5. If you have one and live in one of those states that ban them, put it away and keep your mouth shut until the dust settles. If they don’t know you have it, they can’t take it.

    • That’s good advice. Government doesn’t need to know anything about your family heirlooms, your hobbies, your possessions. Nothing.

    • There are many people here in CA (including some LEOs I’ve personally spoken with) who do just that and have any…umm…questionable items tucked away in the safe, to be taken out only when they finally move out of state, or we have a collapse and WROL situation.

  6. I remember a machinist who had his own machine shop in his house and he built himself a .50 caliber Browning anti aircraft gun. He’s currently in the slammer.

    • RGP,

      Is that machinist in the slammer for manufacturing the anti-aircraft gun or for other reasons?

  7. If we ever get an authoritative ruling which codifies our right to manufacture our own firearms in our own homes:

    Does that open the door to get a similar ruling to protect our right to manufacture our own auto-sears, suppressors, and short-barreled rifles and thus enjoin enforcement of the National Firearms Act of 1934?

  8. Totally wrong it is not the Constitution but the courts and the legislature that give gun rights or take them away and the courts and legislatures have been taking away gun rights since before the revolution was ever fought and increased after the revolution up to the present day.

    The Scalia rant was another disingenuous piece of court propaganda because it left the courts the power to regulate arms (slick disingenuous double talk for restrict or ban)

    History has shown that the criminal founders deliberately wrote 2A in the most ambiguous terms to foster the myth to the uneducated that they had some gun rights but in reality 2A was created to get the states to join the union and the carrot was they could have their own private armies to murder slave uprisings. It actually had zero to do with the individuals right to own arms. Some states kept arms locked up in their armories and some even took guns from unruly members who would not tow the party line.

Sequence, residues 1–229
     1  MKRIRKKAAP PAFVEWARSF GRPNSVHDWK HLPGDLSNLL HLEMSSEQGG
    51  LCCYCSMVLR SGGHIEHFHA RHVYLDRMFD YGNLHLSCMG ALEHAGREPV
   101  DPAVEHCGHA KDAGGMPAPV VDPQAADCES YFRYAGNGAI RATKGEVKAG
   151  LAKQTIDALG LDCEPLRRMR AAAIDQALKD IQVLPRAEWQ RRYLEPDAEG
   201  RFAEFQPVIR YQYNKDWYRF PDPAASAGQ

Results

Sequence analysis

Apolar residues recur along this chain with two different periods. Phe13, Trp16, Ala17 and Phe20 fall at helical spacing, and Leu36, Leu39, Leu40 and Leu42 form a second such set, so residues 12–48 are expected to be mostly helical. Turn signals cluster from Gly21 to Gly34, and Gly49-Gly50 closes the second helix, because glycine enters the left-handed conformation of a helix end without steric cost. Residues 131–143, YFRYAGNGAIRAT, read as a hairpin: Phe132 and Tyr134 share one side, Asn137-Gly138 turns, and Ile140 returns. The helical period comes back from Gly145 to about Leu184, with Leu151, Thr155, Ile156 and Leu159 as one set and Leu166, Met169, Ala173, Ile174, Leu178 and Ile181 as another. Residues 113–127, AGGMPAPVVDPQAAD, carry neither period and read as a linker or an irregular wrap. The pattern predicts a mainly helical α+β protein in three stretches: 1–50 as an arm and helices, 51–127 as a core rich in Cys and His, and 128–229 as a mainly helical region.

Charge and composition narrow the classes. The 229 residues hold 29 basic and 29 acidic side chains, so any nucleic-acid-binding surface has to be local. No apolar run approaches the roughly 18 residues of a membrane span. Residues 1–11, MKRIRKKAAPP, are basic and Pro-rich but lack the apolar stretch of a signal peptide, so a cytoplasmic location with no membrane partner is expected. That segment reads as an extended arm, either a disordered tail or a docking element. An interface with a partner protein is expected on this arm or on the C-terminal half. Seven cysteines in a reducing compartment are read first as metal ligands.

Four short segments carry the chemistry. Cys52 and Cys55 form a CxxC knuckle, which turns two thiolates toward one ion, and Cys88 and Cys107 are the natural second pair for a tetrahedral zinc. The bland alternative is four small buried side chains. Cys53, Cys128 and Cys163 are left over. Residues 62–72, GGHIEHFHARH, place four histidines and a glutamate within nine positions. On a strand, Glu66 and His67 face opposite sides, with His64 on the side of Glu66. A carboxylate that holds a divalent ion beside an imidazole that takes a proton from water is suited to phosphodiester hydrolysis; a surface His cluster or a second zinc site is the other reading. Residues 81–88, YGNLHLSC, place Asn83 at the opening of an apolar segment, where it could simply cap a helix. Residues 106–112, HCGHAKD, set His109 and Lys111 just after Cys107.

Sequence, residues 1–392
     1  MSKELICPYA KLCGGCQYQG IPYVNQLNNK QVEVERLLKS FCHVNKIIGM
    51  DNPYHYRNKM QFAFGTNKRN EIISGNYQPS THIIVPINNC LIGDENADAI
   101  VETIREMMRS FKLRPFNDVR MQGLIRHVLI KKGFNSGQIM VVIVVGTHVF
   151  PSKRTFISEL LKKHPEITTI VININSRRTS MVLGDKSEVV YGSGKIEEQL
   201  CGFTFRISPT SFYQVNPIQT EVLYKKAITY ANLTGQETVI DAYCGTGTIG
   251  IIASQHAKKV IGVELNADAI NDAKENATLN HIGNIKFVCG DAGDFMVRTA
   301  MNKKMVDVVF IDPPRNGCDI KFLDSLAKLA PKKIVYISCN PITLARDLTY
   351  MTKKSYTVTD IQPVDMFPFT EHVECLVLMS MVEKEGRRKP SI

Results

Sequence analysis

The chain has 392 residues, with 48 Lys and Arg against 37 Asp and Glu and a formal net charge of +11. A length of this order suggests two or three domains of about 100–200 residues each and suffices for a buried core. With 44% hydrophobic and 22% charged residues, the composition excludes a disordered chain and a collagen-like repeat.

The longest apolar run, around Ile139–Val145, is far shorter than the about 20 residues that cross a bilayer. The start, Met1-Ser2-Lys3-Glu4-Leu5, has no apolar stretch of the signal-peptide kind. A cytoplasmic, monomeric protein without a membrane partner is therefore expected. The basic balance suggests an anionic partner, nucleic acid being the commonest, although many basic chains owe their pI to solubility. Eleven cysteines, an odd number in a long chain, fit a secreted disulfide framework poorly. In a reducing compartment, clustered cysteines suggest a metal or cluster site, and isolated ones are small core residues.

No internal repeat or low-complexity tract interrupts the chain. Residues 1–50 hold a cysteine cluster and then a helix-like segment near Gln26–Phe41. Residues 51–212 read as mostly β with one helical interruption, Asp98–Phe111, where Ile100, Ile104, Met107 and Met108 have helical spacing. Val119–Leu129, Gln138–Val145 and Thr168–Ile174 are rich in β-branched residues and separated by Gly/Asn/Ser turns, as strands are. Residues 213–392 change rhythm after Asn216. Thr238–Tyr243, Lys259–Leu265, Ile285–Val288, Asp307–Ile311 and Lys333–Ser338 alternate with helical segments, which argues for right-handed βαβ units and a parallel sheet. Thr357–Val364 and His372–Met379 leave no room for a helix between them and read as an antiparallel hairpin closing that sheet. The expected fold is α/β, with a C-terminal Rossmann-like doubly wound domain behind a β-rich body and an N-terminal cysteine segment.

• No civilized nations on this earth permit nut cases and criminals to make home made guns or to buy second hand guns without paperwork. Nor do they permit people to leave deadly weapons unlocked so that criminals can break in and steal them or permit children to pick them up and kill themselves either by accident or by suicide. None except in Capitalvania the most uncivilized, savage, industrial nation on earth.

      On NPR today one man said that as a kid he was taught gun safety but found his fathers pistol and put it too his head and cocked the trigger back and contemplated suicide. He said if he had accidentally put a bit more pressure on the trigger he never would have lived to marry, have a job or enjoy life. All this shows the ranting’s of the Far Right opposing safe storage is pure paranoiac insanity of very sick people that need mental help themselves and you cannot reason with such nut cases. It is they who should not be allowed to own deadly weapons.

      • On NPR today another story was of a far right nut case that gave loaded shotgun shell to his toddler to keep him amused. The toddler found a shotgun and fired if off with one of the shells and hit his own mother who luckily did survive. Almost too late did the far right nut case learn how dangerous it is to leave ammo or guns lying around with children in the house.

        • TL;DR, beyond the “…it is not the Constitution but the courts and the legislature that give gun rights or take them away…” poo-poo.

        • I looked on NPR for that toddler and shotgun story. Show your work otherwise it is yet another BS story.

        • To PT